Joshua vs Wilder: Exactly why it doesn't make sense...YetHot
Hardcore fans are clamoring for a heavyweight showdown between Anthony Joshua and Deontay Wilder.
And why shouldn't they? Wilder and Joshua are explosive, entertaining undefeated champions who boast a combined record of 58-0, 57 KO.
Simply put, it's one of the biggest match-ups in boxing today and has the potential to be one of the most celebrated in heavyweight history. Nevertheless, promoter Eddie Hearn refuses to allow Joshua to face Wilder straight away and many, including Wilder, insist Joshua and Hearn are afraid to fight.
But, that's not the case.
So, what's the problem? Why the delay? What can't these goliaths fight each other in March or April?
Answer: Match-up delays persist in boxing for one reason - Not enough public demand. And as long as public demand is weak, the risk will always exceed the reward.
Why should Eddie Hearn and Team Joshua accept a fight with a dangerous champion like Deontay Wilder when they can generate almost as much revenue fighting the Kubrat Pulevs and Fres Oquendos of boxing? After all, Anthony Joshua will have the UK behind him regardless of who he fights.
America is the problem - and will be the solution
At this moment, Americans have little interest in either fighter.
However, as evidenced by the recent successes of Mayweather vs McGregor and even Canelo Alvarez vs Gennady Golovkin, there's a huge boxing market to in the U.S. that has yet to be tapped.
Americans will pay big money for boxing. And given Deontay is an exciting American heavyweight, there's no reason for this fight to happen without a valiant attempt to picque the interest of casual American fans.
Why leave all that money on the table?
If Hearn and Joshua are even remotely successful in obtaining the attention of casual American fight fans, revenue for Johsua vs Wilder probably doubles or triples. And when both guys can get $20 million or $30 Million apiece, this fight will happen.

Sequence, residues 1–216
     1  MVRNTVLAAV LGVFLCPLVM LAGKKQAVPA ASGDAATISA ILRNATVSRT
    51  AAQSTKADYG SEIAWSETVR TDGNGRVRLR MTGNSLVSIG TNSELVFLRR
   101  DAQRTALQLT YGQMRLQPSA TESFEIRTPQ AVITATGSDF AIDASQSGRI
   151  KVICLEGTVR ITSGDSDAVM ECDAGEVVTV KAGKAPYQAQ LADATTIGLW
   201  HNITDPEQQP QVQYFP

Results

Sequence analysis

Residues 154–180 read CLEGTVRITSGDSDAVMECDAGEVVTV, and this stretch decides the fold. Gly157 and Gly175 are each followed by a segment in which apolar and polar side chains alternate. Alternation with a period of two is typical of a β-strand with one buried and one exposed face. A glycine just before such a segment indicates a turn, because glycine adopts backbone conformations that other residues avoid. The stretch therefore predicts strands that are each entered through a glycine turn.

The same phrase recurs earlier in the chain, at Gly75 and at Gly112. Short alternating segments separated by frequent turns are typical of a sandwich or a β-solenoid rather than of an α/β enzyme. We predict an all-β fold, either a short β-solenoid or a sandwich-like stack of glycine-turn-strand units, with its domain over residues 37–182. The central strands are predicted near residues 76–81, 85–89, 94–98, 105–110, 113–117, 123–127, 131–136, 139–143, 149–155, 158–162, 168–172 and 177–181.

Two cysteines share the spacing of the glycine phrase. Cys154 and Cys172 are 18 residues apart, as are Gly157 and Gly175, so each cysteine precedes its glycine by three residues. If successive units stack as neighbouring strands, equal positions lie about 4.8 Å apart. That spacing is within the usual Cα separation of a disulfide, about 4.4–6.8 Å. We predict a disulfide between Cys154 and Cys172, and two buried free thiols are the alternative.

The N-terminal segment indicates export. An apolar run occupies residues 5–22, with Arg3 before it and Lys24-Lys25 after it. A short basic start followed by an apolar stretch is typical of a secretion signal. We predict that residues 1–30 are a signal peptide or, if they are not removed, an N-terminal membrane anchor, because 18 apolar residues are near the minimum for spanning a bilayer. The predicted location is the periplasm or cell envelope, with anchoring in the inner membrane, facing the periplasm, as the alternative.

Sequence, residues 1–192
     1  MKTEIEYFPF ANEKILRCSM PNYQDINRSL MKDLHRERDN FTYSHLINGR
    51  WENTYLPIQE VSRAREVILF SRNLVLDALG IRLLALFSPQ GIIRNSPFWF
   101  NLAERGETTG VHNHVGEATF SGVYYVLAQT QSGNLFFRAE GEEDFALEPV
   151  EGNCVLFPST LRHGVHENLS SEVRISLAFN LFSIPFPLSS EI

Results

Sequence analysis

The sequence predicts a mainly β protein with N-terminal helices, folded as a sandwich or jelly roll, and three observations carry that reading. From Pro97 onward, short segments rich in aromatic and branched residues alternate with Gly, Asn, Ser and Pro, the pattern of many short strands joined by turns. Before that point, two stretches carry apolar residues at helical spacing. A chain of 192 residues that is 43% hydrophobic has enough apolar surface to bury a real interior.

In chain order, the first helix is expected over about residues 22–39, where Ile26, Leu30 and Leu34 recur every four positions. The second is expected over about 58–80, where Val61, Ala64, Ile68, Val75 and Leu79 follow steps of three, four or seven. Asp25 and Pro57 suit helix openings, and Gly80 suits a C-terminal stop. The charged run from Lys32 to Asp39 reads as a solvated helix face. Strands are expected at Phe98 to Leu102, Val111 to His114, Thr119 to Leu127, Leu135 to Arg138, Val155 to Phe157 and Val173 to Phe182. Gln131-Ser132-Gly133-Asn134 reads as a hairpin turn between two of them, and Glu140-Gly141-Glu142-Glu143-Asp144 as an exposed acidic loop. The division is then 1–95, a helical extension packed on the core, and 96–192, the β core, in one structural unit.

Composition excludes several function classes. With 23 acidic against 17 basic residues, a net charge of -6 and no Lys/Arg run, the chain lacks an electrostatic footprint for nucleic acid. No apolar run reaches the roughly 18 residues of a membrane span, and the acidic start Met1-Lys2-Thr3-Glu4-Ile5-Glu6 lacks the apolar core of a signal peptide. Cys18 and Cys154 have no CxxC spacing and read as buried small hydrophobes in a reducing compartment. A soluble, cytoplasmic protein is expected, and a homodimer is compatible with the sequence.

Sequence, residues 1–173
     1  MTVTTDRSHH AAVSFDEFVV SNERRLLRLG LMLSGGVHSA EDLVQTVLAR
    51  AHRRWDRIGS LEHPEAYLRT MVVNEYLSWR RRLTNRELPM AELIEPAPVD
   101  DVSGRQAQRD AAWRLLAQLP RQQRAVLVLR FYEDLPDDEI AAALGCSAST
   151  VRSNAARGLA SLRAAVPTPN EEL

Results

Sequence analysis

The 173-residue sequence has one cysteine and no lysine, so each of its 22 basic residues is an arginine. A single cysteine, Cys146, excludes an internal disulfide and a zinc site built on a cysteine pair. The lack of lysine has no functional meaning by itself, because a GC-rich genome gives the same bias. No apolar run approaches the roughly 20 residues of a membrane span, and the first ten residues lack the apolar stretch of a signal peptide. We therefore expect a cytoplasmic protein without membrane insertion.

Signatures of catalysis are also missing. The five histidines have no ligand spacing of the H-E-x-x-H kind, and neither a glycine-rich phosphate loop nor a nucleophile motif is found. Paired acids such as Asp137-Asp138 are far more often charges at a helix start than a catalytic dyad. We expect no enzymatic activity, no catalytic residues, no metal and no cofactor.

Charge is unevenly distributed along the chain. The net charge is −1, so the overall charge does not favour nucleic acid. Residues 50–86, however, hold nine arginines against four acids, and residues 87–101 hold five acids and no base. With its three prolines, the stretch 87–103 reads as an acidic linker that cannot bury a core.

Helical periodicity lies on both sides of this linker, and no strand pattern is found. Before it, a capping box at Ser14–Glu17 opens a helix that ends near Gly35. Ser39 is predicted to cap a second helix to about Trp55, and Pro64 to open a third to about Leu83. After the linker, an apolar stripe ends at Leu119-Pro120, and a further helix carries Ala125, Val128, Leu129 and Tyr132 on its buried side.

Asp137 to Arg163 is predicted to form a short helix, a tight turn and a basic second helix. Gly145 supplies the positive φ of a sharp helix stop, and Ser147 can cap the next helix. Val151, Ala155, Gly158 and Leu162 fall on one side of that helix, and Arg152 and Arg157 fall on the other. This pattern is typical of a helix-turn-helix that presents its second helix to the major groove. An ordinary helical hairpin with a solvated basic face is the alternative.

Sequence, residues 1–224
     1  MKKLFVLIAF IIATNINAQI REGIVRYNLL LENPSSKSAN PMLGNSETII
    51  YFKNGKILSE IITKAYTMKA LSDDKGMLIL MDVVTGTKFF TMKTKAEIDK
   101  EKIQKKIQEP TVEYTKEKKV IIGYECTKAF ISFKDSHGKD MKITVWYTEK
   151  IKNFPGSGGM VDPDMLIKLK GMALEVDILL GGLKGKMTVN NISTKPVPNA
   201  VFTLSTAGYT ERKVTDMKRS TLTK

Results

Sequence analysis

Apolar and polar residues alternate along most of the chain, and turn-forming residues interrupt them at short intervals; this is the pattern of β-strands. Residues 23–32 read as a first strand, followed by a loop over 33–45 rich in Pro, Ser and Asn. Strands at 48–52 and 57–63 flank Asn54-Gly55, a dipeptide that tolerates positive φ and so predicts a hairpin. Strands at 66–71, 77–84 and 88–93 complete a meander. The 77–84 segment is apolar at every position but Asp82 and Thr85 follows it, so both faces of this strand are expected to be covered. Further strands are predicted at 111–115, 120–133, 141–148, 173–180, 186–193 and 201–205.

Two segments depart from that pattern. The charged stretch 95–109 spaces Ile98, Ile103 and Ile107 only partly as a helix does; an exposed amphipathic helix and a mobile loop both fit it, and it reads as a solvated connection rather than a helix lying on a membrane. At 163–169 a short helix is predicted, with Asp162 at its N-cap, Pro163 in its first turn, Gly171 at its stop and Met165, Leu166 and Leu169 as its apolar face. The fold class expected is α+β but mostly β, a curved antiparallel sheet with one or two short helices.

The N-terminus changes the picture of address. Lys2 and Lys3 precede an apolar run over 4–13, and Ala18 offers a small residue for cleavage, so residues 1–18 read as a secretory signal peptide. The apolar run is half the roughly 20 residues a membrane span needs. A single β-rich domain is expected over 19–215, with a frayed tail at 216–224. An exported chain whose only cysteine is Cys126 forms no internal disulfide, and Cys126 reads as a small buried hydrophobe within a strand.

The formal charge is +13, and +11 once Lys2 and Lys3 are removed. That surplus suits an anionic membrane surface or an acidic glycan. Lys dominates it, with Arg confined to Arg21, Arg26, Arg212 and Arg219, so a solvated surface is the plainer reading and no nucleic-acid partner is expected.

If they fought next week, however, Anthony could easily earn $15 Million for facing Wilder in the UK but the latter's purse would be pennies.
Risk vs revenue is the most important element when negotiating a superfight. If Joshua can earn $15 Million fighting Takam, why face a threat like Wilder for that amount or only a million or two more?
In 1988, boxing legend Thomas Hearns refused $2 million offer to fight unbeaten middleweight Michael Nunn, an up-and-coming middleweight belt-holder at the time.
"A fight with Michael Nunn makes no sense," said Prentiss Byrd who handled Hearns's business affairs.
"What good would it do for us to fight him... Of course we want as much money as we can get...""It's all about public demand, not because a fight would be good for a promoter or for the boxing fraternity."
"We want to get people who don't ordinarily go to a boxing match."
Eddie Hearn wants casual fans in the US to warm up to Joshua just as they did to Conor McGregor. And while Joshua's popularity in the US may never reach McGregor's, even a fraction of that would be reap huge dividends for the Joshua vs Wilder superfight.
Boxing history and superfights
Superfights aren't created from the desires of hardcore junkies; They happen as a result of mass demand.
We had to wait awhile for these bouts to happen, and many more:
Leonard vs Hearns I, Tyson vs Spinks, Tyson vs Holyfield, Martinez vs Chavez Jr, Mayweather vs De La Hoya, Mayweather vs Pacquiao, Klitschko vs Haye and, of course, Canelo vs Golovkin.
Acclimating Joshua to Americans
Promoter Eddie Hearn is looking to showcase his British star in the US, hoping to generate some momentum for Joshua vs Wilder in the States.
“Jarrell Miller’s making a lot of noise right now,” promoter Eddie Hearn said earlier this week.
“We look at potential opponents for Anthony Joshua, particularly in the United States and Jarrell Miller’s at the top of the list.”
It would make more sense to introduce Anthony to the American masses, picque Americans' instrest and THEN face have Joshua face Wilder when more Americans are willing to pay for it.
There's an entire, very high-paying market that Wilder and Joshua have yet to tap.